Tuesday, October 14, 2008

Space and Russia

Two subjects that have always fascinated me are the space program and the USSR. So when I run across stories about the Star City cosmodrome at Baikonur in Kazhakztan, the former super-secret Cape Canaveral Russian equivalent, I'm hooked.

These days Star City is no longer supersecret. In fact, due to the closure of the US shuttle program, for a fiver year period until the US gets the replacement vehicles ready, the only way to get to the International Space Station will be through Star City. It was huge Russian Proton rockets launched from Star City which transferrred the ISS into space.

So here's a piece from the New York Times outlining the US experience with Star City. In part:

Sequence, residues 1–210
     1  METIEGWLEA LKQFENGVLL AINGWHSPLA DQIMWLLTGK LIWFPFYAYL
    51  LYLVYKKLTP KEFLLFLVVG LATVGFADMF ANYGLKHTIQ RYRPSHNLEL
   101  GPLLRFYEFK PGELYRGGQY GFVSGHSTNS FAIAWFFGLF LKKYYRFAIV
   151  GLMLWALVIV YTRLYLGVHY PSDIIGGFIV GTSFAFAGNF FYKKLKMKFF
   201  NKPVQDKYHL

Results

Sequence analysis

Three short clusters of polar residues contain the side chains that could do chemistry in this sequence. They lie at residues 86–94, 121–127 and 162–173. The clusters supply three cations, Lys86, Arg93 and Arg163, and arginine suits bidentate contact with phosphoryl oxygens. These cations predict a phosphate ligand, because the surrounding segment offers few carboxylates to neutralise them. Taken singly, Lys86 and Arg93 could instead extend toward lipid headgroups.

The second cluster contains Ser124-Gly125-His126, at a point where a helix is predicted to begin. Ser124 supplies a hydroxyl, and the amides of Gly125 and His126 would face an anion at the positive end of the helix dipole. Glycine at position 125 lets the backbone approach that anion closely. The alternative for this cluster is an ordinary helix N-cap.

Those early days (1994) were also marked by wariness and distrust, and the first Americans had a strong impression they were being watched. Mark Bowman, an early contract employee in Russia who is now back in Moscow as deputy director of NASA’s human space flight program in Russia, recalled a weekly teleconference with his boss in Houston. “Thirty minutes into the call the line would go dead,” Mr. Bowman said. “And that would happen every 30 minutes.”

One day during the teleconference, Mr. Bowman warned 28 minutes in that the line was about to go dead and said testily, “I sure wish these damned KGB guys would get longer tapes.”

“The next telecon we had,” Mr. Bowman recalled, “I swear to you, it went 45 minutes and then it went dead.” Apparently, he said, his hosts had upgraded to 90-minute cassettes.

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